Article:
The engineering world wants hard-earned academic qualifications. It's no lie. A degree from a well-known, respected university can get you a job. However, do you have experience? This is where engineering apprenticeships come in. A student studying towards their Masters Engineering levels could see themselves taking part in an apprenticeship and equipping themselves with even more engineering skills which will lead to a lucrative career. Learning practical skills in an industry-specific apprenticeship will give you invaluable background information and skills that will equip you to go further and do more in the career you are building towards.
Engineering UK said in 2013 that there would be a demand for 69,000 qualified people in an engineering apprenticeship positions from the years 2010-2020. However, only 27,000 apprentices get their qualifications per year in the UK. The bigger picture is that by 2020, the UK expects to have seen 1.86 million jobs to have been made available in the engineering industry.
Furthermore, there is the nasty business of seeing the gender imbalance statistics in engineering apprenticeships. The issue of men outnumbering women in engineering is unavoidable these days, and it obviously affects the apprenticeship numbers as well. The Young Women's Trust compiled a report that revealed there are 25 male apprentices in a program and only one female. They have also highlighted that men apprentices get paid more than female apprentices. Aecom has also recently warned the industry that the gender gap needs to be addressed due to less than 8% of manufacturing and engineering technology apprenticeship programs being given to women candidates. Those numbers were made public by the Department for Business, Innovation & Skills in the UK.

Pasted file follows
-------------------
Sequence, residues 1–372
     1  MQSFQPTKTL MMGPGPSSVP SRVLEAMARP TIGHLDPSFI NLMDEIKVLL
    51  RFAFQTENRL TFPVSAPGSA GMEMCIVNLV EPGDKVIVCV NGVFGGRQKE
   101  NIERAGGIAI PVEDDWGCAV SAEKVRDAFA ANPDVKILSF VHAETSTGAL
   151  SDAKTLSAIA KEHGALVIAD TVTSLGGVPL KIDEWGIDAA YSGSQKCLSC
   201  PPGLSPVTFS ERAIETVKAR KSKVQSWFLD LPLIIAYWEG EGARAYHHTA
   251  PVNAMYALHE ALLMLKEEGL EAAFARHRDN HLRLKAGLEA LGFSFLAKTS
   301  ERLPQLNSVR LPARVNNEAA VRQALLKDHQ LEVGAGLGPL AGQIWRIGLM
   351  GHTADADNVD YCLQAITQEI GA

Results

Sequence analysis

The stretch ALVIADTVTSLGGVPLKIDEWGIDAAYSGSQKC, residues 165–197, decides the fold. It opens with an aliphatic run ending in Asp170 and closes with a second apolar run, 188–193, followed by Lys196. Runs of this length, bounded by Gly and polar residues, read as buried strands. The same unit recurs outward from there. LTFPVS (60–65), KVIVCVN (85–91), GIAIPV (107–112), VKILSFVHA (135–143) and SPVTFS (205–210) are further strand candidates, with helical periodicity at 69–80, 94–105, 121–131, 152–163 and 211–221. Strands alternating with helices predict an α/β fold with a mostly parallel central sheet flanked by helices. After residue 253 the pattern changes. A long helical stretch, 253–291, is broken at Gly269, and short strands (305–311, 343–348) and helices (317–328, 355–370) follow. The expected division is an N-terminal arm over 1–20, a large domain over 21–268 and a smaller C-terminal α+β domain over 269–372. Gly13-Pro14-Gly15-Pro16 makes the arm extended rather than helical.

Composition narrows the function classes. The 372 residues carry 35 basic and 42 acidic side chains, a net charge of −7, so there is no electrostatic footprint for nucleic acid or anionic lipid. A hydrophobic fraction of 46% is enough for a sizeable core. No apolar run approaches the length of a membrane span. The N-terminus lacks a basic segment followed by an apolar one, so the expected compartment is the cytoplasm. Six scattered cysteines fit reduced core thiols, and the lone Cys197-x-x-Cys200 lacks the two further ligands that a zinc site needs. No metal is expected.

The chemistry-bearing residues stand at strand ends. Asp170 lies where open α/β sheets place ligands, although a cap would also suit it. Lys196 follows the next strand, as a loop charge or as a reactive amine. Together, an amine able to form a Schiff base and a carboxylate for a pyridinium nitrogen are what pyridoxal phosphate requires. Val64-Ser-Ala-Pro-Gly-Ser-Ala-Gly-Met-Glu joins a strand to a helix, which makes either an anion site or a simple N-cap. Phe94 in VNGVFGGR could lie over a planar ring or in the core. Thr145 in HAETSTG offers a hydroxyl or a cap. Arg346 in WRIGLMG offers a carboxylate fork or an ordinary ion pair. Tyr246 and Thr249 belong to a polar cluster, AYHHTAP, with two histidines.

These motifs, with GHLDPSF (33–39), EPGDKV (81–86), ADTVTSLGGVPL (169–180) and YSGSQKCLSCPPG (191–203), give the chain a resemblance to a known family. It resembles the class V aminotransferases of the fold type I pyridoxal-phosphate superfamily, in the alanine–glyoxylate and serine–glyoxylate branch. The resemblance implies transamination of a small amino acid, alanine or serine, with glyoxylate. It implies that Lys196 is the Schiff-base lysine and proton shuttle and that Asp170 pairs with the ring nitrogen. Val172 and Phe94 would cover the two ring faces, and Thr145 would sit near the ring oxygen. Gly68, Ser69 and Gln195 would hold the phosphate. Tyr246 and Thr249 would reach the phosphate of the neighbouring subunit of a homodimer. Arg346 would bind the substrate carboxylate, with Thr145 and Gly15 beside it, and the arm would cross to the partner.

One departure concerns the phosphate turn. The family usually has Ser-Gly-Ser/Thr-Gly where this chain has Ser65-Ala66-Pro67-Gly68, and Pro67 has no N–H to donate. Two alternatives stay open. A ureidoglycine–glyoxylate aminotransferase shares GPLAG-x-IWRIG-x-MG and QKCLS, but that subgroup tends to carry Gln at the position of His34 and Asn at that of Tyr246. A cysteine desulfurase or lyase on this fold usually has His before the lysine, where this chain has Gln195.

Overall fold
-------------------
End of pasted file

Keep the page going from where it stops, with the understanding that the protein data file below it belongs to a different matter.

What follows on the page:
Mark Gale, campaigns manager at Young Women's Trust said: "We know that for engineering there's such a massive skills requirement over the next few years. Currently, one in five schoolchildren would have to become an engineer to fill that gap." Their findings also showed that 16% of female apprentices were able to find work once completing their apprenticeships. "So despite all that investment in trying to get young women into science, technology, engineering and maths workplaces, it's not really having an impact."
There has been a renewed effort to include more women in the industry, especially in apprenticeship positions and to remove any discrimination that is prevalent in engineering workplaces. Now, that Britain has just gone through with an exit from the European Union, apprenticeships will be very important to the future skills teaching in the sector. An engineering firm called Dawson Shanahan has seen the need to train younger engineers so that longevity can be achieved.
Les Reeves, joint managing director of Dawson Shanahan said: "At a time when the engineering skills gap is continuing to grow, effectively training young people is key to preventing a decline in manufacturing in the UK and protecting our economy. Giving young people the skills they need to be at the cutting edge of our industry and the job market is vital for their future and for the future of engineering in the UK."